|74/08/04||hair||Villano III||Ray Acosta||Naucalpan, Mexico State|
|74/09/27||masks||Villano III & El Matemático||Los Hermanos Corzo I & II||Plaza de Toros Monumental - Monterrey, Nuevo Leon|
|74/10/??||hairs||Villano III & El Matemático||Los Hermanos Corzo I & II||Plaza de Toros Monumental - Monterrey, Nuevo Leon|
|74/12/12||hair||Villano III||Rudy Valentino||Tamaulipas|
|75/??/??||mask||Villano III||Zebra Kid||Arena Naucalpan|
|75/02/04||mask||Villano III||El Infernal II||unknown|
|75/02/25||mask||Villano III||Orqídea Negra||unknown|
|75/04/06||mask||Villano III||La Sombra||unknown|
|75/07/13||mask||Villano III||El Desalmado||unknown|
|75/07/26||hair||Villano III||Lobo Rubio||Plaza México - Mexico City|
|75/08/10||mask||Villano III||Máscara Negra||Plaza de Toros Monumental - Monterrey, Nuevo Leon|
|75/11/23||mask||Villano III||Estrella del Sur||unknown|
|75/12/14||hair||Villano III||Memo Ventura||Arena Naucalpan - Naucalpan, Mexico State|
|76/06/16||hair||Villano III||Babe Face||El Toreo de Naucalpan - Naucalpan, Mexico State|
|78/??/??||mask||Villano III||Columbus||Angelopolis - Puebla, Puebla|
|78/08/13||masks (10)||Villano III & Bobby Lee||Los Escorpiones I & II||Palacio de los Deportes|
|79/04/28||hair||Villano III||Alberto Muñoz||Veracruz, Veracruz|
|79/12/07||hair||Villano III||Máquina Salvaje||Arena Neza - Nezahualcoyotl, Mexico State|
|82/08/01||hair||Villano III||El Signo||El Toreo de Naucalpan - Naucalpan, Mexico State|
|82/08/15||hair||Villano III||El Texano||Palacio de los Deportes - Mexico City|
|83/01/20||mask||Villano III & ??||El Estudiante I & El Estudiante II||Ahuizotla, Mexico City|
|83/07/22||mask||Villano III||El Fantasma del Himalaya||unknown|
|83/08/21||hair||Villano III||Perro Aguayo||El Toreo de Naucalpan - Naucalpan, Mexico State|
|1984||mask (13)||Tinieblas, Villano III & Rocky Star||Flama Roja, El Legionario (original) & Superzan||Ciudad Juarez|
|87/05/??||mask||Villano III||Flama Roja||Auditorio Municipal de Juarez - Ciudad Juárez, Chihuahua|
|87/10/25||mask||Villano III||Rambo||El Toreo de Naucalpan - Naucalpan, Mexico State|
|88/05/05||masks||Villano III & Perro Aguayo||Black Power I & Black Power II||El Toreo - Naucalpan, Mexico State|
|88/10/21||mask||Villano III||Lockhart||Arena Neza - Nezahualcoyotl, Mexico State|
|91/11/03||mask||Villano III||Pegasus Kid||El Toreo de Naucalpan - Naucalpan, Mexico State|
|93/09/24||hair||Villano III||Rambo||Gimnasio Juan de la Barrera - Mexico City|
|94/07/25||hair||Villano III||El Signo||Arena Puebla|
|97/02/09||mask (1)||Villano III||El Mastodonte||Arena Naucalpan - Naucalpan, Mexico State|
|99/12/25||mask (2)||Villano III||Super Astro||Auditorio de Tijuana - Tijuana, Baja California|
|00/03/17||mask||Atlantis||Villano III||Arena México - Mexico City|
|00/08/04||hair (3)||Villano III||Máscara Año 2000||Arena México - Mexico City|
|01/06/21||hair||Villano III||Rambo||Arena Naucalpan - Naucalpan, Mexico State|
|01/07/29||hair||Villano III||El Signo||Arena México - Mexico City|
|02/02/28||hair||Villano III||Super Brazo||Arena Isabel de Cuernavaca - Cuernavaca, Morelos|
|02/08/08||hair||Villano III||Brazo de Oro||Arena Naucalpan - Naucalpan, Mexico State|
|02/09/16||hair||Villano III||Brazo de Plata||Arena Neza - Nezahualcoyotl, Mexico State|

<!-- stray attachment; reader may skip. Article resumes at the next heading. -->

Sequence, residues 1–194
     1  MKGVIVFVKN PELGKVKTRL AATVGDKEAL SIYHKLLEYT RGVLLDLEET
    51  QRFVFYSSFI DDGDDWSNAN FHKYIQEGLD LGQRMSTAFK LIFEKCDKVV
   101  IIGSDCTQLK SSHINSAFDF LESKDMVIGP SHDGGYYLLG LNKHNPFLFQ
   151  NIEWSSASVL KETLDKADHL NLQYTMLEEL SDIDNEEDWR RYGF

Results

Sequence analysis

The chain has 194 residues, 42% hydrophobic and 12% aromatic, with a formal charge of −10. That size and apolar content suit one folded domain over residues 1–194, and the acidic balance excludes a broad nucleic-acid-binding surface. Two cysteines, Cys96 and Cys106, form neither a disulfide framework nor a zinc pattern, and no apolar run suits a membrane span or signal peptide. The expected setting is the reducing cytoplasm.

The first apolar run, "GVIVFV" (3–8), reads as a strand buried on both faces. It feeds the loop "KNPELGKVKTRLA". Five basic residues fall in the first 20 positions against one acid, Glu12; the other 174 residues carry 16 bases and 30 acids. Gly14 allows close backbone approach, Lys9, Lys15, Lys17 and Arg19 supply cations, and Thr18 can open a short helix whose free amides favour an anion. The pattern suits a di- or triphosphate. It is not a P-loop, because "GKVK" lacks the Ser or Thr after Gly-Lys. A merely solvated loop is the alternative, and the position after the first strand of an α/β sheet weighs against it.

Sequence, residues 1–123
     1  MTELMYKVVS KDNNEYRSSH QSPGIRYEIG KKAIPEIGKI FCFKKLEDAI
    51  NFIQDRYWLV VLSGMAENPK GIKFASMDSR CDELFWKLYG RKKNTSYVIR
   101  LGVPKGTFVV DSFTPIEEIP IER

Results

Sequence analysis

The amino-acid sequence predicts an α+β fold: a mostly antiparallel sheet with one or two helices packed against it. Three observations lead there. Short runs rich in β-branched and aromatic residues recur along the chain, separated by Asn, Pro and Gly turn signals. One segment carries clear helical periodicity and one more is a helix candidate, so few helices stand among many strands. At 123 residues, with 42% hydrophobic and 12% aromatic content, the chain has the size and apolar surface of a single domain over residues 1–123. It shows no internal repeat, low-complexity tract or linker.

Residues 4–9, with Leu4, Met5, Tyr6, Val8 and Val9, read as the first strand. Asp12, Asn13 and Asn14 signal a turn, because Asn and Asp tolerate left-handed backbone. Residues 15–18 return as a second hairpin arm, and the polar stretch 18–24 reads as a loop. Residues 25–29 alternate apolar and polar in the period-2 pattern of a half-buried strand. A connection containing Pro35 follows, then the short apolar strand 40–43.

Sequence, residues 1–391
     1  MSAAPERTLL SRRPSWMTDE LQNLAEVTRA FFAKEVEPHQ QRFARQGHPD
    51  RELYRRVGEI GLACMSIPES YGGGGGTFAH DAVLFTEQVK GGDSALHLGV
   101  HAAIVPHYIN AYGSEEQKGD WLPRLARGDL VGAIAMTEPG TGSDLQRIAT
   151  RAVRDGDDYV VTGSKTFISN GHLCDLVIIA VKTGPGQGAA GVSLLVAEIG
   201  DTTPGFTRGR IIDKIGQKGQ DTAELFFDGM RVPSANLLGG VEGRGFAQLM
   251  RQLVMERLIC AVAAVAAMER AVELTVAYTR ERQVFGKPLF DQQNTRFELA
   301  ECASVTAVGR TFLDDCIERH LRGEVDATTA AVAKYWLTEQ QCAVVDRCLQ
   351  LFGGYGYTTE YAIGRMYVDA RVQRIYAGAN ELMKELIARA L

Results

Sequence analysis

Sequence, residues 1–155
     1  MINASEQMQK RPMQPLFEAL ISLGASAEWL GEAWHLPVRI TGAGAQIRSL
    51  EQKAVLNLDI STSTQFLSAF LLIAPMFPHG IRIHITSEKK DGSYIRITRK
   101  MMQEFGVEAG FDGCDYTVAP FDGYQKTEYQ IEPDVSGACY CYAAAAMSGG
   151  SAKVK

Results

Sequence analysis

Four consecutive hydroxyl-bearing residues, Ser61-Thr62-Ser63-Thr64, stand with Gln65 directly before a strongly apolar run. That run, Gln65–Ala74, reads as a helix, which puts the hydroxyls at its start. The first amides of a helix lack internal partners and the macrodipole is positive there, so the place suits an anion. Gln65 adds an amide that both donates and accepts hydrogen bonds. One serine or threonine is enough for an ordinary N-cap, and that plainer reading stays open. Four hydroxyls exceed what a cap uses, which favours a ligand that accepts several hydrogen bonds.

|03/03/15||hair||Villano III||Kraken||Arena Monumental de Aztahuacán - Aztahuacán, Mexico City|
|03/10/28||hair (4)||Villano III||Pirata Morgan||Arena Juba - Reynosa, Tamaulipas|
|04/03/21||hair||Villano III||El Cobarde II||Poliforum Juan Gabriel - Ciudad Juárez, Chihuahua|
|04/07/11||hair (5)||Villano III||Brazo de Oro||unknown|
|04/08/13||hair||Villano III||El Signo||Auditorio José María Arteaga - Querétaro, Querétaro|
|04/10/17||hair||Villano III||Veneno||Arena Naucalpan - Naucalpan, Mexico State|
|05/01/16||hair (6)||Villano III||El Signo||Arena Naucalpan - Naucalpan, Mexico State|
|05/02/14||hair (7)||Villano III||Super Brazo||Tampico, Tamaulipas|
|05/06/11||hair||Villano III||Rambo||Plaza De Toros de Acapulco - Acapulco, Guerrero|
|05/12/01||hair||Villano III||Scorpio Jr.||Arena Xalapa - Xalapa|
|06/01/03||hair||Villano III||Brazo de Oro||Arena Queretaro - Queretaro|
|06/05/16||hair (8)||Villano III||Brazo de Platino||Auditorio Benito Juarez - Cuautitlan|
|07/03/10||hair (9)||Villano III||El Cobarde II||Pico Rivera Sports Arena - Pico Rivera, California|
|07/05/05||hair (10)||L.A. Park||Villano III||Arena México - Mexico City|
|07/11/25||mask (11)||Villano III drew Mano Negra, both lose||Arena Lopez Mateos - Mexico, State|
|09/02/26||hair||Villano III||Scorpio Jr.||Arena Neza - Nezahuatcoyotl, Mexico, State|
|(1) Cage match; (2) Relevos suicidas: Super Astro & Villano III vs. Lizmark & Fishman; (3) Cage match w/ Perro Aguayo and Pierroth Jr.; (4) Cage match; (5) Losers of a match a week before vs. Shocker & Perro Aguayo Jr.; (6) Villanos vs. Misioneros de la Muerte, loser loses hair; (7) Four way match with Villano IV & Brazo de Platino; (8) Los Villanos (III/IV/V) vs. Los Brazos (Oro/Plata/Platino) - Cage Match; (9) Triangle match w/ Satanico; (10) Cage of Death w/L.A. Park, Blue Demon Jr., Villano IV, Villano V, Silver King, Satanico, Hijo del Solitario & Villano III; (11) Exhibition match with wrestlers putting on masks they lost - and then going to a draw, with both 'losing' their masks; (12)Ruleta de la Muerte Final; (13) Relevos australianos suicidas, in this match Superzan loss the mask, but it is not known who's the winner of the mask of Superzan and if it was the original Alfonso Mora or an imposter|
|Villanos: I ▪ II ▪ III ▪ IV ▪ V|